The oldest tree in this forest is 1,400 years old. It is 89 m high. This is almost as impressive as the lineups of corporate jets at the nearby Santa Rosa airport. The food is tremendous, the wine never-ending, the conversation the same. The music, the most surprising aspect, is day(and sometimes night-) long. Jazz quartets, classical pianists, symphony orchestras manned by types who gave up the saxophone at university to become millionaires instead. (The reason why this is the

One morning, there appear at breakfast Henry Kissinger and the senior Bush, very witty, explaining why he can’t interfere with his son

most private summer camp on the globe is, of course, journalists are banned. Yore scribbler smuggled himself in disguised as a chiropractor.)

Most dazzling are the speakers. At noon every day, an organ concert followed by a distinguished orator standing beside a 180-m long lake covered with water lilies, an obvious imitation of Monet’s famous pond at Giverny northwest of Paris. One day, a brilliant American academic who explains Washington’s idiotic attitude to Cuba. Another day, a Broadway producer who proves, in entertaining fashion, the surprising link between Shakespeare and Broadway musicals. Someone else, on another stage, talking about “The Music and Poetry of the Harlem Renaissance.” Imagine more than 2,000 grown men lying on the grass in their shorts in the sunshine around Monet’s little lake.

One morning, there appear at breakfast the senior Bush and Henry Kissinger— who, ever the ham, performed the previous evening in a walk-on part in a long skit called Blazing Loincloths, involving the Russians poised to go to war in 1814 with the local Indians over beaver trapping. The table includes David Rockefeller, former U.S. secretary of state George Schultz and present Secretary of Commerce Don Evans, a Texan who is Dubya’s best friend. Brian Mulroney, at the last minute, had to cancel, I’m told.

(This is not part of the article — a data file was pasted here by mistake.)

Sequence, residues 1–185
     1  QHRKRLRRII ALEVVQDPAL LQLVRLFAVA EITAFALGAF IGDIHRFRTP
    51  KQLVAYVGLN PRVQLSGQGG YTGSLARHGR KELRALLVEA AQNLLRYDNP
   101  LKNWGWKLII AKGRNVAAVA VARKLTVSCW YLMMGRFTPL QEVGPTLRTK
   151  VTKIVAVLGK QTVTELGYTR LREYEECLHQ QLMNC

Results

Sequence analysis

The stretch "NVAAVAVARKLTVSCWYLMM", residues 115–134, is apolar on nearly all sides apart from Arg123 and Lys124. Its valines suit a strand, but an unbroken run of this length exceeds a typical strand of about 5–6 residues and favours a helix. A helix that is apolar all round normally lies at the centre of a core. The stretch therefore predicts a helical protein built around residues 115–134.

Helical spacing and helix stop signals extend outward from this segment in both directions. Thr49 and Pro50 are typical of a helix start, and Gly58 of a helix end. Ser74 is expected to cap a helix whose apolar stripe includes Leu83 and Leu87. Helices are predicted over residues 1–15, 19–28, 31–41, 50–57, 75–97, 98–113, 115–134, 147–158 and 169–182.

Kissinger, as ever, goes on forever, displaying his wisdom over world affairs going back to a 1648 diplomatic treaty, not disconcerted at all by the lead singer who playfully runs his fingers through the speaker’s aging locks. Senior Bush is the most surprising of all, looking fit and tanned and 10 years younger than when he was president. And very witty and sardonic, explaining why he can’t interfere with his son. None of which yore scribbler can report here, of course, because I’m a chiropractor.

In all, a most gratifying experience. If 2,200 of the richest and most powerful men in the most powerful empire since Rome want to pee up against trees while in their pyjamas, they do it in style. I’m voting for it. To my surprise, yore scribbler thinks the Bohemian Grove is a great joint. I?1

Allan Fotheringham appears every other issue. afothenngham@macleans.ca